Friday, August 13, 2010

Coming together

By the end of the year students had the skill to complete lino cuts of real quality - this one features a bird and Mount Taranaki. Completing such quality work will long be remembered by the children who complete them.

As I read through my diary entries there is a sense of things coming together without ever finally realizing a set daily programme as with my fellow teachers. Enough structure for both me and the thirty-eight children to positively get on with things and enough time to take advantage of ‘teachable moments’. It seems that I had avoided the over regulated approach of teachers of the time (ability grouping in reading and maths and a current study in the afternoon) and established a more learner centred environment.

The programme centred on valuing each learners personal interests (where possible) thoughts and feelings and the key to the programme was the current class study and in some times multiple studies
. Building up each learner’s sense of self and to strengthen their intrinsic interests to get them to see it was their responsibility to learn and mine to assist them.

The class became a flexible mix of class themes and personalized learning and, building on my own area of expertise, based for regular small visits out into the immediate environment to take advantage of seasonal changes or things of interest. And most of the major studies involved field trips further afield as well.

A few ideas underpinned any success – ideas I had helped other teachers implement when I was an adviser. Making use of the environment for poetic language and art and for studies is one. A phrase we used a lot was 'slowing the pace’ so both teachers and students had the time to complete work of quality. Another was to ‘do fewer things well’ to avoid students always wanting to be first finished. Along with the teachers I had previously worked with students were helped to present their work so as to show continual qualitative improvements in their bookwork and study reports. Doing ones ‘personal best’ was another key phrase with children being expected to demonstrate ‘how this piece of work is is better than their previous effort and how might they improve it’.

One book became important to the children and was called their Personal Best book. This book arose because many children always wanted to share their stories with me every morning. I encouraged children to focus on a specific aspect and to really write how they felt about the experience. These pieces of writing were to be less than a page to focus on quality rather than length. This powerful form of writing satisfied many ‘non writer’ who could see the power in telling a good story. One piece of writing was crafted out each week and listed in the personal book – I helped those in difficulty slowly get worthwhile results. Such writing celebrated their personal, lives and identity. The secret to quality writing was to develop a classroom where children felt safe enough to express their personal thoughts.

Introducing focused illustrations in all their books also helped quieten the frenzy of the room. To achieve worthwhile illustrations we studied the different way artists illustrated school journals and came to the conclusion that good illustrations focus on a specific event and have a sense of action about them. We also studied journal poems in language time for the same reason and used extracts for writing practice in our language books. Finally even our maths book, featuring mostly interesting maths studies (such as maths patterns) featured illustration were possible.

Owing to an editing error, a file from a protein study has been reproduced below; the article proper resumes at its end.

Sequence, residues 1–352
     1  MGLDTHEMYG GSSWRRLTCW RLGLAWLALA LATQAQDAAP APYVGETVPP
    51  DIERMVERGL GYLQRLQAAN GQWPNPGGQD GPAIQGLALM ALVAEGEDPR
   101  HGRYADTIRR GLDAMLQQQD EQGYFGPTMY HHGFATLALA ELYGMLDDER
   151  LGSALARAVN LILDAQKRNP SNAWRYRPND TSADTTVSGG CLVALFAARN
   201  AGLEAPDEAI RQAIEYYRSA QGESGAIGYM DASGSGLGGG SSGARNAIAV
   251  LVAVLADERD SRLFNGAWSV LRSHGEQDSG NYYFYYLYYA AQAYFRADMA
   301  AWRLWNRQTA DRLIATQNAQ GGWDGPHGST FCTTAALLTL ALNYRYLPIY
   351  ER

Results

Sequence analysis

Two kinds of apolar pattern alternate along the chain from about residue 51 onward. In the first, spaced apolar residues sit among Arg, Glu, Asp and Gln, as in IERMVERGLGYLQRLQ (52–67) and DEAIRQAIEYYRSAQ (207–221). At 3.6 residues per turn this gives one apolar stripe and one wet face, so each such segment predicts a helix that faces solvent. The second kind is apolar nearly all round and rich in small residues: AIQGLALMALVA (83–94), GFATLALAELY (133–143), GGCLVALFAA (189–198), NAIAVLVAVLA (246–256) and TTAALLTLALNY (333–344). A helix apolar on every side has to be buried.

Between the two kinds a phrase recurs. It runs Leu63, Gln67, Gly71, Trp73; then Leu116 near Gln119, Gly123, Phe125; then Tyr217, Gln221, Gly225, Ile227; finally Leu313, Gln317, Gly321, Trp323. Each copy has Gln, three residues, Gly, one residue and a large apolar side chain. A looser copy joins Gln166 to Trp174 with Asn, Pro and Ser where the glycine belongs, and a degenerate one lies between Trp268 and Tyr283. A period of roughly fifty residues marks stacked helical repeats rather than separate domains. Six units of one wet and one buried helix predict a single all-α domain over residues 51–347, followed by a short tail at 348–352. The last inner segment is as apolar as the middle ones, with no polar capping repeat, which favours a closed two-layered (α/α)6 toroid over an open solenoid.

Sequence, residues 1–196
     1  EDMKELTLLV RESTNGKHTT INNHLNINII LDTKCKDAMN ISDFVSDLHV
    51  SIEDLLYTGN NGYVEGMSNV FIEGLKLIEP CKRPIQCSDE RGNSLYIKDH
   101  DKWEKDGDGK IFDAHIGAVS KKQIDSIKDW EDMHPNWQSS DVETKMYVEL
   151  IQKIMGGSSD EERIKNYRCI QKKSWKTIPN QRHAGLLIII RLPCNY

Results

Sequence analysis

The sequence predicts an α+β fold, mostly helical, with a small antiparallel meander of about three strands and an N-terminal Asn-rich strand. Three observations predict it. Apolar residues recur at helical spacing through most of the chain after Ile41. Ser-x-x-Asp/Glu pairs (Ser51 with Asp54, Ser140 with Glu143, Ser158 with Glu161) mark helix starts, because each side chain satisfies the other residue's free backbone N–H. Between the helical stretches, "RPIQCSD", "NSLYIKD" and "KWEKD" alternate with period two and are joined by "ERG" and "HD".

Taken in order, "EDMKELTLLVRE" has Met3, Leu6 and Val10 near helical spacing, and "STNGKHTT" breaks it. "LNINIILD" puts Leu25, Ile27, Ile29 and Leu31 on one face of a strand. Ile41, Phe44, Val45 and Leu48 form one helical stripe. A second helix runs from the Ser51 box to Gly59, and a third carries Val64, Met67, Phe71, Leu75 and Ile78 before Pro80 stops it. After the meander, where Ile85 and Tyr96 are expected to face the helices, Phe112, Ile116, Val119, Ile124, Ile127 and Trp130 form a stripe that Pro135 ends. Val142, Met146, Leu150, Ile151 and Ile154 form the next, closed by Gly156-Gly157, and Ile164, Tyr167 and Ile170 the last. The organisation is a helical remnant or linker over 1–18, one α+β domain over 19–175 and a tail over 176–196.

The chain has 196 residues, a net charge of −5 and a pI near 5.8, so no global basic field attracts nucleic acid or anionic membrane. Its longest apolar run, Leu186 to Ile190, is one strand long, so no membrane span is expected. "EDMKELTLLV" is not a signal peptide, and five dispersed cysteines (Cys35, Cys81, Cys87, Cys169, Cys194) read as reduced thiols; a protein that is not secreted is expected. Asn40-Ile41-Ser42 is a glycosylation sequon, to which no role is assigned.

This focus on doing things well provided lots of children’s work to display on the walls. Developing stimulating and celebrative room environments was another feature of the rooms of teachers I had previously worked with. Such displays always had challenging captions along with student work. Critics at the time called us the ‘pretty classroom brigade!’ Every new study was introduced by a teacher display which was then added to with finished pieces of children’s work. I taught the students simple design layout skills to help them improve their presentation. At the centre of all activity was the spirit of student inquiry – a belief that students learn best when involved in meaningful tasks is the key to real engagement and success.

Back to my diary which I might add concluded after a few months when it seemed I had managed to develop a ‘programme’ that satisfied all involved – from then on , if memory serves me right we tinkered around making minor changes until the year completed.

Most of the notes written showed the various topics undertaken. Major studies appeared to run for about four or five weeks interspersed with all sorts of, what we came to call, ‘mini studies’ or ‘one day wonders’. These ‘emergent’ studies were mostly completed in the language block. Major studies I noted at the time were based a study of Wild Flowers followed by a Museum visit centred on Colonial Times which led to an extensive integrated unit based on colonial architecture and looking at our own houses. At the same time the rooms featured the history of number and writing, patterns in maths and mini studies covering seasonal visits, a study of geckos (I had at the time a pet green nautilus elegans), monarchs and one student’s pet mice.

The success of the work undertaken was directly related to the range of inquiry, art language and presentation skills the children had been taught in those hectic early weeks and the sense of order and structure that had evolved.

My diary indicted that slowly I was getting on top of things and beginning to really enjoy the class. And, it seems, I was no longer as exhausted! Parents who visited to see their children were expressing interests in what we were trying to do. Quality inquiry work, language and the range of art on display did impress them.

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